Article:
The cost of owning a cat

KittensFew things are cuter than a fluffy little kitten. But that little kitten is likely to live for 15 years, and he or she will need feeding and caring for during that time.

Before inviting a feline friend into your home, it is therefore a good idea to get an idea of how much you will need to spend to keep him or her.

The lifetime cost of owning a cat is currently £17,200, according to recent figures from Sainsbury's pet insurance.

This is based on an average annual cost of £1,028, 41% of which is spent on food and 13% of which is paid out for vet's bills.

However, the bad news is that this could increase to £1,270 a year within the next 15 years, which is how long a kitten born today could be expected to live.

This equates to an increase of 23.5% and means your cat could easily set you back by more than £19,000 during its lifetime.

If you want a pedigree cat, the initial costs could also prove high with sought-after breeds fetching several hundred pounds.

The good news, though, is that many people give kittens away to good homes for free, while you can also get a kitten or an older cat from a rescue centre in return for a small donation.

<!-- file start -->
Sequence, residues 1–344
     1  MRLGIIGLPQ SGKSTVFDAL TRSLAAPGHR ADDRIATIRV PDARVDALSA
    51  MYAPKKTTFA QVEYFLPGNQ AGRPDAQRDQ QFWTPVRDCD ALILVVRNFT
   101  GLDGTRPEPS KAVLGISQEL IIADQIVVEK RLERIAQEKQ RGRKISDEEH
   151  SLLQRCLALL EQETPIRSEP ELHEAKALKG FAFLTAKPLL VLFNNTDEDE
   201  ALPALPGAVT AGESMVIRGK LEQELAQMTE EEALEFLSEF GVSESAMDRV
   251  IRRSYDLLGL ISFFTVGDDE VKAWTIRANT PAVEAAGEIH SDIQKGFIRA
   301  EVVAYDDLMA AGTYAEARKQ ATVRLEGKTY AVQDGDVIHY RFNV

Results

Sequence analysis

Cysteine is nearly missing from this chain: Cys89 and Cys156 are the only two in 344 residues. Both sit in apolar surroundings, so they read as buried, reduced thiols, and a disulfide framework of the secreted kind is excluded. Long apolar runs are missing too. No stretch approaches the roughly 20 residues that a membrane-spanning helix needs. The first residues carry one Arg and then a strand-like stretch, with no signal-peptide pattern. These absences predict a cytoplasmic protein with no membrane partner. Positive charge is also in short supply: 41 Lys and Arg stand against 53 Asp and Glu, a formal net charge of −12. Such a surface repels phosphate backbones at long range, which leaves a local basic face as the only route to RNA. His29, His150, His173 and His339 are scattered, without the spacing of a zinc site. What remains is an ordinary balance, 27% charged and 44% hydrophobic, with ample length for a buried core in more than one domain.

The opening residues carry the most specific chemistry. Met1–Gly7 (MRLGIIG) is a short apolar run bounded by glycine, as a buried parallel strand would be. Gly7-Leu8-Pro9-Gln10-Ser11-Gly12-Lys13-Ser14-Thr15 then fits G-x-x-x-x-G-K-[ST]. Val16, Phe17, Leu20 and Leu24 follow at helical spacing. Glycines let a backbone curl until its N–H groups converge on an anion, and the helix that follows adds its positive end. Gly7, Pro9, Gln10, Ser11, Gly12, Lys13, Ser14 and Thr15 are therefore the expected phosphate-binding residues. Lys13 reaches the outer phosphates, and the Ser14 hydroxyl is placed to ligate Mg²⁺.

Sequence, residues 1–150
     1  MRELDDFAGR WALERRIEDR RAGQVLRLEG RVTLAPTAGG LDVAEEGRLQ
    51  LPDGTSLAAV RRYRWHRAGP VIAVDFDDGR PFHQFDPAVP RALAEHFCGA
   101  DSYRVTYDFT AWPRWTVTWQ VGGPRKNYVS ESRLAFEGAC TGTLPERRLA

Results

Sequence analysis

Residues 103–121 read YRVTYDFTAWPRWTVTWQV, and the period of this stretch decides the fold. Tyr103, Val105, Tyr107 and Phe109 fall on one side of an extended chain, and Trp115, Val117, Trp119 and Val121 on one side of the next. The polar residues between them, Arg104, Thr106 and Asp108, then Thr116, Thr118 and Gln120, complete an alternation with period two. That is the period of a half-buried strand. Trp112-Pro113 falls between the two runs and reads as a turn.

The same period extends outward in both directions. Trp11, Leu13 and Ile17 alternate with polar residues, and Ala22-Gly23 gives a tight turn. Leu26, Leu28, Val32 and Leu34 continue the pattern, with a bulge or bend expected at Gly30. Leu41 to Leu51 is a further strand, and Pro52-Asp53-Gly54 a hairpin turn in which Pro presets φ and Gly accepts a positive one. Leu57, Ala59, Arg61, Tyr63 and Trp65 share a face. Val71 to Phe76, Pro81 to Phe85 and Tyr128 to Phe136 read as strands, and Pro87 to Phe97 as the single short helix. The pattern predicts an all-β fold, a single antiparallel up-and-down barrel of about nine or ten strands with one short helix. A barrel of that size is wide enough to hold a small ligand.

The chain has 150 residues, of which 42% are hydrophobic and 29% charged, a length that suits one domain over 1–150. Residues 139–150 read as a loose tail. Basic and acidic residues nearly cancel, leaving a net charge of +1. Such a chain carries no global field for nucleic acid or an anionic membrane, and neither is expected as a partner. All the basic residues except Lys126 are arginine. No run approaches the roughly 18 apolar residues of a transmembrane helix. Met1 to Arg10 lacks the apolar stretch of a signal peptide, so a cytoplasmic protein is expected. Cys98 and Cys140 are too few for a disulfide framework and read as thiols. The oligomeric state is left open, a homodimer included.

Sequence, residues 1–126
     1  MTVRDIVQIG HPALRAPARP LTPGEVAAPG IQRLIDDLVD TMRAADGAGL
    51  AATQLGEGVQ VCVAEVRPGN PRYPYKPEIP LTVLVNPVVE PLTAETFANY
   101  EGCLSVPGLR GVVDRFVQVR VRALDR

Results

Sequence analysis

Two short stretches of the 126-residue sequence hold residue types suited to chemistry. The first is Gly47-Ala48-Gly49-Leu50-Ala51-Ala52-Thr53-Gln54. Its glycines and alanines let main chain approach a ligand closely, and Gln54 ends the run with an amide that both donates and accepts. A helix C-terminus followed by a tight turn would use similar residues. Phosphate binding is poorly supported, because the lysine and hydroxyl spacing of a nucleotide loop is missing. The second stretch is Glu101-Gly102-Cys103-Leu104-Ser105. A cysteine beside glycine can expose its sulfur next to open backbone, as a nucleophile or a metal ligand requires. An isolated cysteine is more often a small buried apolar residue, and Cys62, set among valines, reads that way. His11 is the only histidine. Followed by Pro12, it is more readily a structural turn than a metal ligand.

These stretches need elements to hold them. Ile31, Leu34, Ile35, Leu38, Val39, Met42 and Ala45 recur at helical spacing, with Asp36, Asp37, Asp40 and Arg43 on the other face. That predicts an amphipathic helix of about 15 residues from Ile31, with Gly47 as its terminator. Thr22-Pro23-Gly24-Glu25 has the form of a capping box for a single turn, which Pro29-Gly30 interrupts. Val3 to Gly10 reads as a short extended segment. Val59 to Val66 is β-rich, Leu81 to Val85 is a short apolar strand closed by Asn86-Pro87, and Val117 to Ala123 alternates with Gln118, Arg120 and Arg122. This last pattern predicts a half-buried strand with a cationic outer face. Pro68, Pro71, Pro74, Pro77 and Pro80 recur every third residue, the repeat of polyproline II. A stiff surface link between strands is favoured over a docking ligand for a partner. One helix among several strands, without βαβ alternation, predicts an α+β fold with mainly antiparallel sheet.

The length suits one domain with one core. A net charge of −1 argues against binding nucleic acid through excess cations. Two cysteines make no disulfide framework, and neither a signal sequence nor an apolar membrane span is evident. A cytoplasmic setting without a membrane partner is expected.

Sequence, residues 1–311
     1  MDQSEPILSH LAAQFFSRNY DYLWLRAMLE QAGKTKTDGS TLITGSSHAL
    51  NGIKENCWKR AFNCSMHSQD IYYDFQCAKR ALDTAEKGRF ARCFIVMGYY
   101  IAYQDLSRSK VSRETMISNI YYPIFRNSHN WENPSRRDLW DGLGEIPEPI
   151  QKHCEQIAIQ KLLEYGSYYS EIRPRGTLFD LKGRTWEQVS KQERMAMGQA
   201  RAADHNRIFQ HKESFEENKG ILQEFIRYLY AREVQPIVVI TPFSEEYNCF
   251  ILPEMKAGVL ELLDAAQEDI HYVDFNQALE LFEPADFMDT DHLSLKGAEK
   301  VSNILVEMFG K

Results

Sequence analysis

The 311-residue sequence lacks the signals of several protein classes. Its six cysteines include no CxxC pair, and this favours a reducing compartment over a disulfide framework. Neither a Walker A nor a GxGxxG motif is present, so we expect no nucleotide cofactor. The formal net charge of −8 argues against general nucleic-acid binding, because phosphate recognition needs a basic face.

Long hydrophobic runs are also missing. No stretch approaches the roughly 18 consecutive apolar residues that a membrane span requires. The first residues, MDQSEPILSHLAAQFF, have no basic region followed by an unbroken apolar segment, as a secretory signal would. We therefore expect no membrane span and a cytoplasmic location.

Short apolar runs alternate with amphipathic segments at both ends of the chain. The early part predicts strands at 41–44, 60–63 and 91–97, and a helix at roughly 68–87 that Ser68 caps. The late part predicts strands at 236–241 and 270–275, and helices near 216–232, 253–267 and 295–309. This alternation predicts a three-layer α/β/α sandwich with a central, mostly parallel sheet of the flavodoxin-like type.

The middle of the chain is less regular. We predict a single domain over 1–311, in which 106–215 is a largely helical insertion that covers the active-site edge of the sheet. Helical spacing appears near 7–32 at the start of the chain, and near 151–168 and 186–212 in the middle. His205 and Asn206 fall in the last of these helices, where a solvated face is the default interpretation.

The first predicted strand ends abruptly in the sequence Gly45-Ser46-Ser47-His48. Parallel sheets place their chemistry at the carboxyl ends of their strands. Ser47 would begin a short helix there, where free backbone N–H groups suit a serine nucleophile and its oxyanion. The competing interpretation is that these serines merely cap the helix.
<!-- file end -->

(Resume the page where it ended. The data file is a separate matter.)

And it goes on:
If you get a kitten, then one thing to consider is that you will need to start vaccinating him or her at about 10 weeks.

This process that costs about £60 in total and, like spaying (about £100) and neutering (about £70), is not covered by pet insurance policies.

With an older cat, on the other hand, more frequent visits to the vet may be necessary due to his or her failing health.

It is therefore worth considering taking out insurance - in spite of the exclusions - as the bill for operations or more serious treatment can reach thousands of pounds.

Helen Williams, head of Sainsbury's pet insurance said: "Costs can escalate as pets get older as they often need extra medical care and attention; with advances in veterinary treatment and better diets many will live well beyond their average life expectancy so it's important to have good pet insurance in place to pick up what could otherwise be fairly daunting costs."

Other costs to bear in mind include litter, which should not cost more than about £10 to £15 a month at most, and accessories such as a litter tray, a basket to transport him or her to and from the vet, a scratching post to prevent your soft furnishings being shredded and perhaps a collar and some toys.

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